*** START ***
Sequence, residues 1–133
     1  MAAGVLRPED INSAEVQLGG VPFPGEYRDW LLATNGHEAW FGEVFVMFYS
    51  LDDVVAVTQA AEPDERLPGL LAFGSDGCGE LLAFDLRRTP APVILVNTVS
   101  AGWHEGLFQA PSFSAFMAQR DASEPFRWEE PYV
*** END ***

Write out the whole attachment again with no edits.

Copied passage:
Sequence, residues 1–133
     1  MAAGVLRPED INSAEVQLGG VPFPGEYRDW LLATNGHEAW FGEVFVMFYS
    51  LDDVVAVTQA AEPDERLPGL LAFGSDGCGE LLAFDLRRTP APVILVNTVS
   101  AGWHEGLFQA PSFSAFMAQR DASEPFRWEE PYV